By Philip Haldiman
Contending with the realities of rapid population growth and postponed improvements due to underfunding, like many public school systems in Arizona, Peoria Unified School District has historically used bonds and overrides to fill in the gaps. But funds from such sources have been difficult to come by lately — a bond election failed in 2016, and the governing board rejected a bond proposal last year.
However, the district will try again unfazed.
The governing board May 24 unanimously approved a $189.2 million bond proposal for the November ballot.
The proposal includes $83 million for facility modernization and site improvements, as well as $75.9 million for growth to go to the purchase of land and new construction for one high school and construction of a new facility for the Peoria Traditional School.
Initially, the Citizens’ Bond Advisory Committee recommended a proposal that did not include a high school. But based on growth, the district’s administration amended that the proposal include a high school facility.
The area north of Bell Road to the city’s northern border has seen explosive growth in the last 15 years, leading to overcrowding in some schools and the redrawing of district boundaries. As a result, northern Peoria high schools Liberty High, 9621 W. Speckled Gecko Drive, and Sunrise Mountain High, 21200 N. 83rd Ave., are at capacity, with more schools projected to follow suit.
Mike Mass, director of research and planning and assessment, said that in North Peoria there were 109 housing permits in March and 131 in April, as well as 14 rezoning/plat modifications/plat approvals in process with the city of Peoria.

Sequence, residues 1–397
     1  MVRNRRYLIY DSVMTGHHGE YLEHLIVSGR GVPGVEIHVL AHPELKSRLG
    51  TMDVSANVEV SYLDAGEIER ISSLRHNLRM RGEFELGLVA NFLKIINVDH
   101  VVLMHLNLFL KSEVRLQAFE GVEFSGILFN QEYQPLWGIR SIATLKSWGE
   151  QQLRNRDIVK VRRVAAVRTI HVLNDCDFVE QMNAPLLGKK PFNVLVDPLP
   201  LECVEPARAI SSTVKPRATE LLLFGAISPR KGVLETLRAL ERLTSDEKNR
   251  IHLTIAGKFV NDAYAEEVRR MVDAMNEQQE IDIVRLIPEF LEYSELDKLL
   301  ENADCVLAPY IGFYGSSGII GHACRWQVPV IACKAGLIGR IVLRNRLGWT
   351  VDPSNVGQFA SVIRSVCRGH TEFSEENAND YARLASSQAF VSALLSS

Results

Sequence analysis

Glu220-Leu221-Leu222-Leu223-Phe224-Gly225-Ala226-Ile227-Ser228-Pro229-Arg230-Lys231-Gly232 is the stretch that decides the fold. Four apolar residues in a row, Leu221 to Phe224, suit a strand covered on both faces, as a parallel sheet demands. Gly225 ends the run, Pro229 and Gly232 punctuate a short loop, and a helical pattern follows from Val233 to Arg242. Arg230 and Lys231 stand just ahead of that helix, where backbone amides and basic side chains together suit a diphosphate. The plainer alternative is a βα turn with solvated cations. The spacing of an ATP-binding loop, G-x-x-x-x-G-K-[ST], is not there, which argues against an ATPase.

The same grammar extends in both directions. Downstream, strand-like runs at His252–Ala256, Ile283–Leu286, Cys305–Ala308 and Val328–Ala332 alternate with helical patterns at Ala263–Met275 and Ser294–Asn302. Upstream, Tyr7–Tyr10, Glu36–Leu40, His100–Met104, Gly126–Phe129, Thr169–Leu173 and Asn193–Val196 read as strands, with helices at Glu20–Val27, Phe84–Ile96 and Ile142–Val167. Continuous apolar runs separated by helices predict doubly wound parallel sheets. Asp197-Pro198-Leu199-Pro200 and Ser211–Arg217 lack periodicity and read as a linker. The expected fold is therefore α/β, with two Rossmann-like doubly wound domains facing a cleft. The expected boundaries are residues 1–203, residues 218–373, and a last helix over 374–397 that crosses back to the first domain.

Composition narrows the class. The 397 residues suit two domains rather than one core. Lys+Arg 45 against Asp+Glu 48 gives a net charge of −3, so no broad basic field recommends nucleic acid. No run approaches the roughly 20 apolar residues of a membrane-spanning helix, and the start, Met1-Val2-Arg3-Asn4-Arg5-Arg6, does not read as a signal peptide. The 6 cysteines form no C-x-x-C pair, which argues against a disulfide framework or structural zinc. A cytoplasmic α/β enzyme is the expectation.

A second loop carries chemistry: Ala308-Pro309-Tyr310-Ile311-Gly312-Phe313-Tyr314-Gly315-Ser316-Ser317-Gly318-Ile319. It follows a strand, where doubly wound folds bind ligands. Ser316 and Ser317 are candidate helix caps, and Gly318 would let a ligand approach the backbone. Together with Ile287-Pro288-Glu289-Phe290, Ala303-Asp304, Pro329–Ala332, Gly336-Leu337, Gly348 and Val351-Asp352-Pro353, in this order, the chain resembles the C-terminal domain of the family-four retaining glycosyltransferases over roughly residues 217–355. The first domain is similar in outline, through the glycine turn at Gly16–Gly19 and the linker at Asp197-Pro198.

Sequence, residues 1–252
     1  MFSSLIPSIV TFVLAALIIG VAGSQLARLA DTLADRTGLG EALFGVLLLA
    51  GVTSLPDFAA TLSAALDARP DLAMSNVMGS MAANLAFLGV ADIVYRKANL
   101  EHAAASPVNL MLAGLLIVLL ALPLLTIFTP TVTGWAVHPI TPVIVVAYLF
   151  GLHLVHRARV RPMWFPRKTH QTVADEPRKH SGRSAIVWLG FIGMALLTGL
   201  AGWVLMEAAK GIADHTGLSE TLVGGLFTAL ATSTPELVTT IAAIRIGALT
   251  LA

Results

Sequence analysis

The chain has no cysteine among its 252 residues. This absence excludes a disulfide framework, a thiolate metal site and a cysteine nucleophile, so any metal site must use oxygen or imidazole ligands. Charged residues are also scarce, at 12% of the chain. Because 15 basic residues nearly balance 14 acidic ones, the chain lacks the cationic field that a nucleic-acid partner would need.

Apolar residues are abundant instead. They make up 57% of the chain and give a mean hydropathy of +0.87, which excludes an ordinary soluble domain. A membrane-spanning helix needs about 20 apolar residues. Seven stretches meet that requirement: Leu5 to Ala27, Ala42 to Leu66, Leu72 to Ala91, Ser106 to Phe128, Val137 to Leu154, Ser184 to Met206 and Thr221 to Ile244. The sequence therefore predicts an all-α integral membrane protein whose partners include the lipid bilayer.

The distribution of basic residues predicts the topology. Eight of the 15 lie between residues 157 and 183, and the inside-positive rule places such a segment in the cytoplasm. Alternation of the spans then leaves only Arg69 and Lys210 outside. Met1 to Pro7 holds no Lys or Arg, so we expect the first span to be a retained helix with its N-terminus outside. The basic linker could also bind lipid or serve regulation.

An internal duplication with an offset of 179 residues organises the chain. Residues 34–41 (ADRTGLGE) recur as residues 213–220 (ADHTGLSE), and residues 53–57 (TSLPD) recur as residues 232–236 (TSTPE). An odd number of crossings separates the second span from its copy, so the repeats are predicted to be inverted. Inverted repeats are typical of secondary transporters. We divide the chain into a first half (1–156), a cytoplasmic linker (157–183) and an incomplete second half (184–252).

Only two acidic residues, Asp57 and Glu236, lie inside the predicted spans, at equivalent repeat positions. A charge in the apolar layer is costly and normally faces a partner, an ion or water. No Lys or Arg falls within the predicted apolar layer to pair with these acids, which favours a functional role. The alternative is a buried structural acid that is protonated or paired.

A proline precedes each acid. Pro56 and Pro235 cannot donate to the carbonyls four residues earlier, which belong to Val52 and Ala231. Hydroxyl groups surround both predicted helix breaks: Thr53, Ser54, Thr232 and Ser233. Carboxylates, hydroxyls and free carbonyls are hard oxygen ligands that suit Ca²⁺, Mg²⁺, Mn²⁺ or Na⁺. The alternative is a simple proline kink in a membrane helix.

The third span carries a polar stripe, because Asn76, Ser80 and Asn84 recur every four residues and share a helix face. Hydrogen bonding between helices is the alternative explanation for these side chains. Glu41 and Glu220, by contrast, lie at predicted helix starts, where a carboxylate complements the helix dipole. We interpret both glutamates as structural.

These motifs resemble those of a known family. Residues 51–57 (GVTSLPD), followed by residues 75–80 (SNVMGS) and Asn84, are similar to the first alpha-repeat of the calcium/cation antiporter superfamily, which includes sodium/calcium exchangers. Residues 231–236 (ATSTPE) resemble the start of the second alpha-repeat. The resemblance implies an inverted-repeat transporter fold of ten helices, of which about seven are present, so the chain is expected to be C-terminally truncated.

Also in process are six new agreements between the district and developers that fund schools based on the number of houses built.
Mr. Mass said most of this development activity is coming from the northern part of the district. Demographic information was taken from a number of sources including Phoenix-based consulting firm Applied Economics. The district had received criticism in the past for using their own demographic statistics, so they contracted the third-party consultant.
“We were our own demographers before, but now Applied Economics does the work. Now they are the experts,” Mr. Mass said.
High school support
The bond includes $75.9 million for new schools — $48.8 million for a new high school in the north and $13 million for the land to build it on, as well as around $14 million for the construction of a new facility for the Peoria Traditional School, located at Coyote Hills Elementary School, 21180 N. 87th Ave.
Teachers and parents supported the amendment to include the new high school and cited a sense of urgency as new high schools can take two to three years to be built.
The initial proposal recommended to the governing board included funds to expand Liberty High School and land for a new high school but not funds for construction.
Parent Melissa Briggs said this would have only put a bandage on the issue of overcrowding.
Ms. Briggs has four children in Peoria Unified, two who attend Liberty High School. She said classes are being closed due to physical space keeping them from taking the classes they want and creating a year-long wait-list for student parking spots.